- Attach the waist belt by inserting the male connector into the female connector. Do the same for each of the shoulder straps.
- All straps should be snug and pulled tight. Adjust the straps until the harness fits comfortably on the body. Make sure both leg straps have been secured properly.
- Once you’re wearing the harness and all buckles have been attached, stand up and try moving in any direction. The harness should feel centered and snug without limiting your range of motion.
- If there are any loose straps or buckles, use keepers or tie-down straps to keep them secure and out of the way, otherwise these straps may get caught in moving parts or machinery.
You should never walk around with your buckles or straps undone. There’s always a chance you could forget to reattach your buckles or straps, leaving you vulnerable in the air.
Beyond the battle to get people to wear PPE like safety glasses or hard hats, when it comes to fall arrest systems some of the objections you will hear from workers are valid, so whenever possible use the hierarchy of controls to guide your thinking about protecting workers from falling from heights.
I work in the movie business and have for about ten years – first in production safety, and most recently as a COVID Compliance Supervisor – and have encountered situations too numerous to mention where tying off just wasn’t an option. Unfortunately, too many people see fall arrest harnesses as the only option and where that isn’t possible they default to no protection whatsoever.
The best way to eliminate a fall from height hazard is to not work at height. In film production many otherwise dangerous scenes are shot in front of a green screen – literally a “digital green” backdrop that allows filmmakers to drop in a photo realistic background. So while the actors are actually standing on a soundstage with a few props, when the film is finished the actors appear to be dangling off a cliff or jumping across rooftops.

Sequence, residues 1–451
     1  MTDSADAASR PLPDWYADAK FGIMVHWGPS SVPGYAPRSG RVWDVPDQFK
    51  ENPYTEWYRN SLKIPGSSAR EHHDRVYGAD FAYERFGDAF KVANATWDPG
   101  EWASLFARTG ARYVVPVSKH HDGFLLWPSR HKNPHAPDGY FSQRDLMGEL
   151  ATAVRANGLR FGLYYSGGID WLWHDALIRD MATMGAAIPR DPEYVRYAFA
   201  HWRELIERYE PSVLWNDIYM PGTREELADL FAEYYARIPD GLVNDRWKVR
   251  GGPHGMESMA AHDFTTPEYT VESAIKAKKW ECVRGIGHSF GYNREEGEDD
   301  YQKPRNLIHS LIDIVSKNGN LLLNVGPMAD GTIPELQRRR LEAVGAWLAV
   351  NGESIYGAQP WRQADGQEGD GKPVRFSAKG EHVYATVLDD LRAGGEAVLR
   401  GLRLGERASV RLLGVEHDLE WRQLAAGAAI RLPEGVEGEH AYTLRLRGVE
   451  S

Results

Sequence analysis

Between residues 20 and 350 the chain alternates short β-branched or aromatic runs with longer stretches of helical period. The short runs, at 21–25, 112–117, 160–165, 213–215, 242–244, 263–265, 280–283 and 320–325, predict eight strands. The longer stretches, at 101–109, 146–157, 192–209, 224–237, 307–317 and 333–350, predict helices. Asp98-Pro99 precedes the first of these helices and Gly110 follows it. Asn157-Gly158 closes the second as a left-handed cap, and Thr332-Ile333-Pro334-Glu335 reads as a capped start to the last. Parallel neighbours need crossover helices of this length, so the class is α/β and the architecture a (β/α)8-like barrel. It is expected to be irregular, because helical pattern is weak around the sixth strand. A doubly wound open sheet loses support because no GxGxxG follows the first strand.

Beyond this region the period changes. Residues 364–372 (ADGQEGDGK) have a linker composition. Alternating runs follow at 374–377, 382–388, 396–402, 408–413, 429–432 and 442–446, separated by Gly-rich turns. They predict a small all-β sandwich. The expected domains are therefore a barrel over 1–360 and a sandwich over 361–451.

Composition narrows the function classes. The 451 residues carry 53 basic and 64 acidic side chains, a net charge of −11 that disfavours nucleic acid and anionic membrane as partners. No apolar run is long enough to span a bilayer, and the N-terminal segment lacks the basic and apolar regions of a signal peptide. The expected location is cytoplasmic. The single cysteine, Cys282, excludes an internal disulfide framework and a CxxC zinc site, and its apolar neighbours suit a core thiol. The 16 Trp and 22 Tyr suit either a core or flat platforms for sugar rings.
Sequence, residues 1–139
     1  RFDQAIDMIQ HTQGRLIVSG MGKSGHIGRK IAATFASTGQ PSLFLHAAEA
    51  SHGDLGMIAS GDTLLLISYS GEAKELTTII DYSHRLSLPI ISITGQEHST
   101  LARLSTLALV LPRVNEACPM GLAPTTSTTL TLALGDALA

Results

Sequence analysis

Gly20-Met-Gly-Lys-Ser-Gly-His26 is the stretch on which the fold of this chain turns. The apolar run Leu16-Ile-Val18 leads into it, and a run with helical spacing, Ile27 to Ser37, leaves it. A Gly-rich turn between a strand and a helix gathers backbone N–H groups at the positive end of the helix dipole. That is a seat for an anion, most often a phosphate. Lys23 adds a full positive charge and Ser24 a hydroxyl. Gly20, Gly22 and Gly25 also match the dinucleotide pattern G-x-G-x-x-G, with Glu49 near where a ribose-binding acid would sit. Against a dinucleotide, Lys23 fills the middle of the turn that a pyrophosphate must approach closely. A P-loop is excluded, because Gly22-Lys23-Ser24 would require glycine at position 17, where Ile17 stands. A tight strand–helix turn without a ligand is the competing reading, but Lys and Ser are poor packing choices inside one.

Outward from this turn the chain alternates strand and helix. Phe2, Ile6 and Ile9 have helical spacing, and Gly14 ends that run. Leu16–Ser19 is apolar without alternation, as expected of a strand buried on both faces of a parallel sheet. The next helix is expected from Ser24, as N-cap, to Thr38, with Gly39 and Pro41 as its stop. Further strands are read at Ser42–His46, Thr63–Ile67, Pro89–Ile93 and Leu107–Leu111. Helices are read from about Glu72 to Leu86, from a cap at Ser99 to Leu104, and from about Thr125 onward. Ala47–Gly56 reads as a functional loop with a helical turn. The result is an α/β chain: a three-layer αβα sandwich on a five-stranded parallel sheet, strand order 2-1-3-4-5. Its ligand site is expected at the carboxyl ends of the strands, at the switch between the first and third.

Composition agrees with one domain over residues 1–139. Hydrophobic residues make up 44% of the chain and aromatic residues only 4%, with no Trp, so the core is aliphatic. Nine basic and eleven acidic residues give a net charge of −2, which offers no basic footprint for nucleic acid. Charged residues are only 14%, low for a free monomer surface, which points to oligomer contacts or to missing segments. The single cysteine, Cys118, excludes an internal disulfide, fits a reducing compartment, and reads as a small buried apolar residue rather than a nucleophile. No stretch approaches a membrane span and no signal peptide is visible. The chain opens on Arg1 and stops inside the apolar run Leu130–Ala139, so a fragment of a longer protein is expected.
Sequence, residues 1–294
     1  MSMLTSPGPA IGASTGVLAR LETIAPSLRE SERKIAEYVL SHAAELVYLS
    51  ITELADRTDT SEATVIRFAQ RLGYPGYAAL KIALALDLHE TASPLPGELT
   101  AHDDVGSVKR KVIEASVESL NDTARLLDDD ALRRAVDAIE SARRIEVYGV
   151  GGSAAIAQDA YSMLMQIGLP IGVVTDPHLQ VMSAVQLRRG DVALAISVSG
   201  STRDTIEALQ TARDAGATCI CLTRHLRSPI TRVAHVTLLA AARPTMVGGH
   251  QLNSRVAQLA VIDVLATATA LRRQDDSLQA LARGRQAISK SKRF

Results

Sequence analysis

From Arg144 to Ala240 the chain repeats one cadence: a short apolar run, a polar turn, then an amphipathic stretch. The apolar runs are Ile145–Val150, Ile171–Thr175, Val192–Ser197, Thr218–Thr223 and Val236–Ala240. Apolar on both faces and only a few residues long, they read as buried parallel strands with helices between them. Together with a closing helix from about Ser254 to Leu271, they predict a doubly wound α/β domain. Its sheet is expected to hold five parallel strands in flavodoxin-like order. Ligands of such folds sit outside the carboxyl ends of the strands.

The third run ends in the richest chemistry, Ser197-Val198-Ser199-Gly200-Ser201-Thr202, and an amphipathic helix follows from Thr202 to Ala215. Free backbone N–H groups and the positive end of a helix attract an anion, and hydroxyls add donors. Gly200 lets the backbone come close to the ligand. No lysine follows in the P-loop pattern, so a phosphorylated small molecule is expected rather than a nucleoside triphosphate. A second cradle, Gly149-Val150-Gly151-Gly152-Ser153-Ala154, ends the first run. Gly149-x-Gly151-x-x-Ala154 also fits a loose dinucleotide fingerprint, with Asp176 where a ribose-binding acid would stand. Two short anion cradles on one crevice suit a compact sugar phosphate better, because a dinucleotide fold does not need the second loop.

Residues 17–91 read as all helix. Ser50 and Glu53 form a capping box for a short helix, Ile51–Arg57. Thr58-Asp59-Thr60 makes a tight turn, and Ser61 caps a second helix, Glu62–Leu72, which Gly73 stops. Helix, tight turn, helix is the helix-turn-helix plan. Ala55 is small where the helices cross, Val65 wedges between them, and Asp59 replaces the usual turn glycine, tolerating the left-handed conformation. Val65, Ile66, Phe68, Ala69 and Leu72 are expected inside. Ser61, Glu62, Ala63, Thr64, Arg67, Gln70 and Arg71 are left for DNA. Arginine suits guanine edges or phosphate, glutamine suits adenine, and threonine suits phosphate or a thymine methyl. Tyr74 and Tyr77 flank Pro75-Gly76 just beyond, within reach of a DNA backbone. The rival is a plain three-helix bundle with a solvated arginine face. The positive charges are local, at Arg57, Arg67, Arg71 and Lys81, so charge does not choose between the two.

“whether you think you can or you think you can’t, you’re right”
Some of you may rightfully thinking, that’s great, but I don’t work in the movies, I work in construction, or manufacturing, or slaughterhouses, and I can’t “make pretend” that I am working at heights. I have to actually DO the work at height. If my years of experience have taught me anything it’s that if you only see one solution you will believe there is only one solution. As Henry Ford said, “whether you think you can or you think you can’t, you’re right.” This quote is completely applicable to fall protection. If you think there isn’t a better way, you’re never going to find one.
A common practice in the construction business is to build substructures on the ground and then hoist them onto the point of the structure where it will eventually be installed. This eliminates the risk of a fall from height while adding minimal risk (assuming good crane safety discipline is observed.)
Sometimes whether we like it or not, we are forced to work at heights, but that doesn’t mean we have to bury our heads in the sand.
Once I was watching the rehearsal of a scene that had people running at a height of about four metres. I was
concerned because obviously you can’t have actors in safety harnesses, so I set out to use the hierarchy of controls. I looked at the situation and came up with an idea that I suggested to the Assistant Director. What, I asked, would it do to the artistic vision if we were to shoot the scene from a different angle? He said it didn’t make a difference and asked me why I wanted to know. I explained that by moving the angle of the shot if an actor were to walk off the platform he or she would only fall about half a metre. Now I know that a fall from that distance may well have caused an injury, but it was far less risky than a four metre fall that was almost certain to be fatal. So while I was unable to eliminate the hazard entirely I was able to substitute one condition for another to mitigate the severity of the injury. The scene was shot with minimal disruption and without incident.